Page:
Post-ovulatory follicles (POFs) are often used to estimate egg production of collected birds, especially in studies of nutrient-reserve dynamics of laying waterfowl. We assessed the reliability of this technique in American Coots (Fulica americana) by conducting macroscopic and microscopic POF counts and comparing these estimates with egg counts obtained through frequent nest monitoring. Macroscopic POF counts were unreliable, but microscopic counts were significantly correlated with known clutch size (r = 0.74, n = 12, P = 0.006). On average, microscopic POF counts differed from known clutch size by -0.42 (SD = 1.51), which represented approximately -4% bias and 15% measurement error. Errors in POF counts were likely due to rapid regression of POFs or to mis-identification of atretic follicles. We used simulation modeling to assess the effects of such errors on estimates of nutrient commitment to clutch formation. Our simulations showed that small errors in POF counts are unlikely to have any serious effects; investigators concerned with low power and precision could benefit most by obtaining adequate sample sizes.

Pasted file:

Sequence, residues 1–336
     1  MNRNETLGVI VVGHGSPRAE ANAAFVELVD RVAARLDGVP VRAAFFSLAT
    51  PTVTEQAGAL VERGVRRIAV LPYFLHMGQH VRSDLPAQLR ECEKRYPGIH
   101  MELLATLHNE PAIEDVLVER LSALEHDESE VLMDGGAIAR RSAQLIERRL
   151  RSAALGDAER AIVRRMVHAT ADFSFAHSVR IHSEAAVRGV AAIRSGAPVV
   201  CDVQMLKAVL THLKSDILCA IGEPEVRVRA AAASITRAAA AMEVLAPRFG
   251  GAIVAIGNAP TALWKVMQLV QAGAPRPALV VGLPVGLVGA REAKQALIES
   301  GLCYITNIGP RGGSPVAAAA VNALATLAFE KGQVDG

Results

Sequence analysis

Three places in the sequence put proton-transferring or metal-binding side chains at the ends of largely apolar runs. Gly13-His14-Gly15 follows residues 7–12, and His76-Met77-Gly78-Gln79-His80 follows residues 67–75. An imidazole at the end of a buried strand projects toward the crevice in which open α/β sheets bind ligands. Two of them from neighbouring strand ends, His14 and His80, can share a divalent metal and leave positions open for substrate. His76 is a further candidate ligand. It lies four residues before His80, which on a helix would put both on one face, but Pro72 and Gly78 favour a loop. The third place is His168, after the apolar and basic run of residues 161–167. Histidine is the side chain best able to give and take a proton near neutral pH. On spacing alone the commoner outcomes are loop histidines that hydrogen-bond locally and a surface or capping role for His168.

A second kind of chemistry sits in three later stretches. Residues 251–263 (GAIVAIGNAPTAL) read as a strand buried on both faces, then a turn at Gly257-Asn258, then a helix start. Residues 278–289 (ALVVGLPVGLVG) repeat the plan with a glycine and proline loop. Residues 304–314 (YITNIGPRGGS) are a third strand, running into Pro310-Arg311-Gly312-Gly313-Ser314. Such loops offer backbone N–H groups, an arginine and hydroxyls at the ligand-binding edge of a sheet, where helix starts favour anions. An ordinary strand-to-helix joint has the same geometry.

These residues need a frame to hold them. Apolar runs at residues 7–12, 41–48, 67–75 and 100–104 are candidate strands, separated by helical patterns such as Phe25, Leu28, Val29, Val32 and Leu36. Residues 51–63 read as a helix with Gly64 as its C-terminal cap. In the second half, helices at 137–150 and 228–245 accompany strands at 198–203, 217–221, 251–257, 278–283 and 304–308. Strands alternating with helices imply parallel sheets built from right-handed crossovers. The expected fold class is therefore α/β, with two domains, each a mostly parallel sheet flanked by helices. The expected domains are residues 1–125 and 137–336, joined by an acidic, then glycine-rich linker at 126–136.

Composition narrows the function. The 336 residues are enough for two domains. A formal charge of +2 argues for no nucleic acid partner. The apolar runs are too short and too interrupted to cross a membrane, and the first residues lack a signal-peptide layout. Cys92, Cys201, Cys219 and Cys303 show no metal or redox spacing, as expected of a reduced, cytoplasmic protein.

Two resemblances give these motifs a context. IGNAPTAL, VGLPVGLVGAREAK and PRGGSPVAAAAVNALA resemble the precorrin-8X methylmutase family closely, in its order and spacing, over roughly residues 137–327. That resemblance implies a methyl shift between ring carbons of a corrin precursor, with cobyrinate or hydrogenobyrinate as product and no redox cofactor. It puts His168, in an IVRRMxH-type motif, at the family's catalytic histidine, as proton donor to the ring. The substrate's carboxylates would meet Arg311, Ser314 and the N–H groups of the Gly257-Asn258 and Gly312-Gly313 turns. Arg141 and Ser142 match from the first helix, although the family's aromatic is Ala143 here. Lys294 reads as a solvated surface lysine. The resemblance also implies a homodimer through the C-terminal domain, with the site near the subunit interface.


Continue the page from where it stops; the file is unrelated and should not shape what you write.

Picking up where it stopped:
|Translated title of the contribution||Using post-ovulatory follicles to determine laying histories of American Coots: Implications for nutrient-reserve studies|
|Number of pages||7|
|Journal||Journal of Field Ornithology|
|State||Published - 1997|